Where we disagree, and this is entirely academic, is where you say that we will be "equal." My point is that we won't ever be (unless and until we move on to another way of understanding sexuality that erases lines between gay and straight, which could happen in a few centuries), because homophobia and transphobia exist for a variety of reasons that are hard to isolate and overcome (I could make my list of why I think homophobia exists, and it'd probably incorrect or incomplete).

Homophobia didn't just fall out of the sky because homosexuality didn't just start existing in the mid-1800's. Old ideas are being replaced by newer ones, and the newer ones will be replaced again, and on and on.

Now, if the point is to get some legislation passed and improve people's lives, that'll probably happen in a few decades (I have little hope for the Boies/Olson case, but that's another topic). But that won't solve all our problems.

Instead of worrying about the 300,000,000 people in the US, we focus on the several hundred federal politicians and maybe a couple thousand state-level ones.

There are 250 million adults in the US. On the issue of "equality" 150 million would support us. THAT is the majority, but we do nothing to demonstrate that fact. They don't need to be "convinced" they need to be enrolled. UNTIL we do that, you have NO hope convincing enough politicians to "grant" our equality.

I don't think people are maturing, or, if that's what we want to call it, that it's happening on it's own. It's been the result of LGBT people coming out, media activism, small changes in laws, people talking with their families and friends, and huge, monumental shifts in the way we understand sexuality and gender that came with major events like the AIDS epidemic and second-wave feminism."

It is easy to suggest that WE have created these changes, but they may have happened in spite of our efforts. The issue is beliefs," primarily religious beliefs. Most religious people have matured and are much more liberal and even progressive in their thinking. The truth is that for many "religious" people the Bible isn't as literal as it once was. People are much more "open-mined" - with or without our influence.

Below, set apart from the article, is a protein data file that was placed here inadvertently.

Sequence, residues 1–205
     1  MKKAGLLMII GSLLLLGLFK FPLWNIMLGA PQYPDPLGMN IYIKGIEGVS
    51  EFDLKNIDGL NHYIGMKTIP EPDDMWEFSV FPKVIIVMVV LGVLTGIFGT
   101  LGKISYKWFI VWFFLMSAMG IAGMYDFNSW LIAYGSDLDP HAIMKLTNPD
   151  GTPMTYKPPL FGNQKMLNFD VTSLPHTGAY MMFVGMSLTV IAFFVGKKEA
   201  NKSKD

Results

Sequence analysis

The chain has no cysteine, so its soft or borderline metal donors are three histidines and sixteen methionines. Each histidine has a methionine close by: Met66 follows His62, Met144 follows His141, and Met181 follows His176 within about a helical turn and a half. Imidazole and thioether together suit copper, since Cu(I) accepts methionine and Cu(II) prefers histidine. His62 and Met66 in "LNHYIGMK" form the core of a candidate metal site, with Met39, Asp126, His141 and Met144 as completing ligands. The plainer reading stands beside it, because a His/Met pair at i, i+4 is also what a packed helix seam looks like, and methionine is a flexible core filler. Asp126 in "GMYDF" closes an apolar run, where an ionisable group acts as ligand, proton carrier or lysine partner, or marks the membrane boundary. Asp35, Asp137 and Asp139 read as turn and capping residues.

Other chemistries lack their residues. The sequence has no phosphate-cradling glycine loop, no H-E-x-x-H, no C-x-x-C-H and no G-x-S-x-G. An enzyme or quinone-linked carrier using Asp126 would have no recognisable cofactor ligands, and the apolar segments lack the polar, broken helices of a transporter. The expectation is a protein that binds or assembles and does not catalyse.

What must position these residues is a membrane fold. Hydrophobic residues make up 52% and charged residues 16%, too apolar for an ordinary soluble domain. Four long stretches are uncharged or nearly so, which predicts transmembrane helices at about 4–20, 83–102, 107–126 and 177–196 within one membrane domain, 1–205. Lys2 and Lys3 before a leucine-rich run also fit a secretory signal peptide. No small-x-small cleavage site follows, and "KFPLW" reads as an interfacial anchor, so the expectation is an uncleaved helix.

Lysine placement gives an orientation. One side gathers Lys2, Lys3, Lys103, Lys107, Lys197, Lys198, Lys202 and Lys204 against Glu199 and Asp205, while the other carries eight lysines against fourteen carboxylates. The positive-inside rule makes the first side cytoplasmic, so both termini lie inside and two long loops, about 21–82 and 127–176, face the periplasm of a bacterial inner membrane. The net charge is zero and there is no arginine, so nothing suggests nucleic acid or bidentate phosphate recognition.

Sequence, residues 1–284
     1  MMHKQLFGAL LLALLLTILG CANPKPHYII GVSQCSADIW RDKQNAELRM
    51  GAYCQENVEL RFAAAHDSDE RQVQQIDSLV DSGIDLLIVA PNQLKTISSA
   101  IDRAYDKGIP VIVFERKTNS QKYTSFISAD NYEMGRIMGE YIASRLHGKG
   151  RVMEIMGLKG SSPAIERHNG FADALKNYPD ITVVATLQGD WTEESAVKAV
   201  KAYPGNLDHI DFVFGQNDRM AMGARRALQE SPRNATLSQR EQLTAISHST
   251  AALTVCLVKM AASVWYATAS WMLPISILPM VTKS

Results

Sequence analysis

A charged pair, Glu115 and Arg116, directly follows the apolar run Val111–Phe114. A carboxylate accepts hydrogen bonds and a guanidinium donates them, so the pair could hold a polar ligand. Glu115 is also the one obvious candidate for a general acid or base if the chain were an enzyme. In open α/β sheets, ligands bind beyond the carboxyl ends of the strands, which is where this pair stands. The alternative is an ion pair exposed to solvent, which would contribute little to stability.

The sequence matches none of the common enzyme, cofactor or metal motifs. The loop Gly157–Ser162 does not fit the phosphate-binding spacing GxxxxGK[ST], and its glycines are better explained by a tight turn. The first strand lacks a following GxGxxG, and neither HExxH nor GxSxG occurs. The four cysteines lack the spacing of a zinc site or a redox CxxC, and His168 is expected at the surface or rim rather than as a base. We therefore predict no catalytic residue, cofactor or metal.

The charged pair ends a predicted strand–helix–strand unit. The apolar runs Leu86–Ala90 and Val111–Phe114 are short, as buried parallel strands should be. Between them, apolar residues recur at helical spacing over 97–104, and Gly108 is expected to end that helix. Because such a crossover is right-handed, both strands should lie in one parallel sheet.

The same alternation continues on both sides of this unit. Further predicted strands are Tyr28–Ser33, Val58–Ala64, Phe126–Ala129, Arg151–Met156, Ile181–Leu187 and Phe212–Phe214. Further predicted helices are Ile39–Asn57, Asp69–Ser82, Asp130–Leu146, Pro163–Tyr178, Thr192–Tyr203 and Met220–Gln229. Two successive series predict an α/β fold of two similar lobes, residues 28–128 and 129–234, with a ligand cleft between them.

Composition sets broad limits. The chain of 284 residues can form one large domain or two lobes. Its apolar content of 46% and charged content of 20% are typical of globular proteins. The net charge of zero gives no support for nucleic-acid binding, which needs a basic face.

Where we disagree, and this is entirely academic, is where you say that we will be "equal."

For me, being "equal" means being nothing less or more than any other human being. For that to happen judgement must disappear. In that regard, perhaps we'll never be fully equal. But our fight is about equality and it is winnable within 3-4 years if we get our fellow citizens to join us. We are NOT doing that.

We continue to paint ourselves as an "oppressed minority" (needing faux protections, sympathy and special laws) instead of creating our own majority. Just imagine how well-behaved your politicians would be if the majority of Americans supported our equality. That should be our goal and it is something only WE can do. We should get started.

"We continue to paint ourselves as an "oppressed minority" (needing faux protections, sympathy and special laws) instead of creating our own majority."